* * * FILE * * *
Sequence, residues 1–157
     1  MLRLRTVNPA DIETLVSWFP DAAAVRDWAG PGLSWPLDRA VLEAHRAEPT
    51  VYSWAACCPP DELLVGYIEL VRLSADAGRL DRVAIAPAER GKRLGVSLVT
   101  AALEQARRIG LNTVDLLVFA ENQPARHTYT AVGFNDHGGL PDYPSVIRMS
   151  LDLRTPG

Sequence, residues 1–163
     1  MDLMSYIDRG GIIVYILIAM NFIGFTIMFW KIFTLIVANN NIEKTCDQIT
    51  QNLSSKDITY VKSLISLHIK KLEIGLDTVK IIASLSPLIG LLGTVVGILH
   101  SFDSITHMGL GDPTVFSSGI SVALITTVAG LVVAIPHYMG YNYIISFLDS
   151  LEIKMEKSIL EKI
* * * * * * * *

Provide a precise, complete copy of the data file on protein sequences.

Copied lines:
Sequence, residues 1–157
     1  MLRLRTVNPA DIETLVSWFP DAAAVRDWAG PGLSWPLDRA VLEAHRAEPT
    51  VYSWAACCPP DELLVGYIEL VRLSADAGRL DRVAIAPAER GKRLGVSLVT
   101  AALEQARRIG LNTVDLLVFA ENQPARHTYT AVGFNDHGGL PDYPSVIRMS
   151  LDLRTPG

Sequence, residues 1–163
     1  MDLMSYIDRG GIIVYILIAM NFIGFTIMFW KIFTLIVANN NIEKTCDQIT
    51  QNLSSKDITY VKSLISLHIK KLEIGLDTVK IIASLSPLIG LLGTVVGILH
   101  SFDSITHMGL GDPTVFSSGI SVALITTVAG LVVAIPHYMG YNYIISFLDS
   151  LEIKMEKSIL EKI